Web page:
The objective of this study is to identify good staff scheduling and rostering practices in the transport sector and make practical recommendations on how rostering systems can be improved. This study was carried out during the COVID-19 pandemic. While it acknowledges the overall impact of this, it does not specifically focus on how this affected rosters and staff scheduling. The methodology for the study includes literature review, stakeholder interviews and surveys of social partners, companies and workers. The study developed a typology of different sources of staff scheduling and rostering practice consisting of four types: based on social dialogue, collective agreements and co-determination; driven by collective agreements at a range of levels; state-centred with influence of collective agreements; and with little influence of collective bargaining but some company-level worker representation and participation. Within this framework, the study collected 41 current practices and clustered them according to specific type of practice. Following the critical appraisal of these practices, eight systems were selected as good practices, based on their sustainability, scalability and transferability. On the basis of the lessons learnt from these practices, the study then makes a number of practical recommendations to the European Commission, the EU-level social partners, national governments, national social partners, employers and employers’ organisations and workers and workers’ representatives on how to improve current arrangements in order to benefit companies and improve the work-life balance of workers.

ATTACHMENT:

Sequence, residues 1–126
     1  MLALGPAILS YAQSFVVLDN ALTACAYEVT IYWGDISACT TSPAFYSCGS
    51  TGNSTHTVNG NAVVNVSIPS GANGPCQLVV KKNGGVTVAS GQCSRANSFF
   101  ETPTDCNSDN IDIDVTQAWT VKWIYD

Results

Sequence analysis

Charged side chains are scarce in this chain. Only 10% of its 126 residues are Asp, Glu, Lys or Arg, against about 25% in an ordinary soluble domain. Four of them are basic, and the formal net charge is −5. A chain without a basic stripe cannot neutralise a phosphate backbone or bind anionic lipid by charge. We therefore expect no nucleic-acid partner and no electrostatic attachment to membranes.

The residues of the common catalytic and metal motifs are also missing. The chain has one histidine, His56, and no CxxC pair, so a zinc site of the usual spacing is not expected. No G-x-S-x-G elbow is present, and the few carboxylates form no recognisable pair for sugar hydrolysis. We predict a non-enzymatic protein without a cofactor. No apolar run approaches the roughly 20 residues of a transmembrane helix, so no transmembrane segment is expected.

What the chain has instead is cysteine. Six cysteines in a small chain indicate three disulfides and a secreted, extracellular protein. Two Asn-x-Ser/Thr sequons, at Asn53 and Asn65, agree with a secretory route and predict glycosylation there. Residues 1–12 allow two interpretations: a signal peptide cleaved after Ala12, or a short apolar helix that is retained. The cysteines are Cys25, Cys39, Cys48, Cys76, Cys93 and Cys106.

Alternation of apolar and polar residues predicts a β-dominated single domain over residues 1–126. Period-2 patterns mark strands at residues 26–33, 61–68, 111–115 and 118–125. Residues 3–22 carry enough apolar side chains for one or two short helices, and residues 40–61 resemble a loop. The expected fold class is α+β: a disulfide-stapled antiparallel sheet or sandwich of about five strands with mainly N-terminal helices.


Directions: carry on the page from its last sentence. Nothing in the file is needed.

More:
You can read more about this study here.
You can download the full report from this link.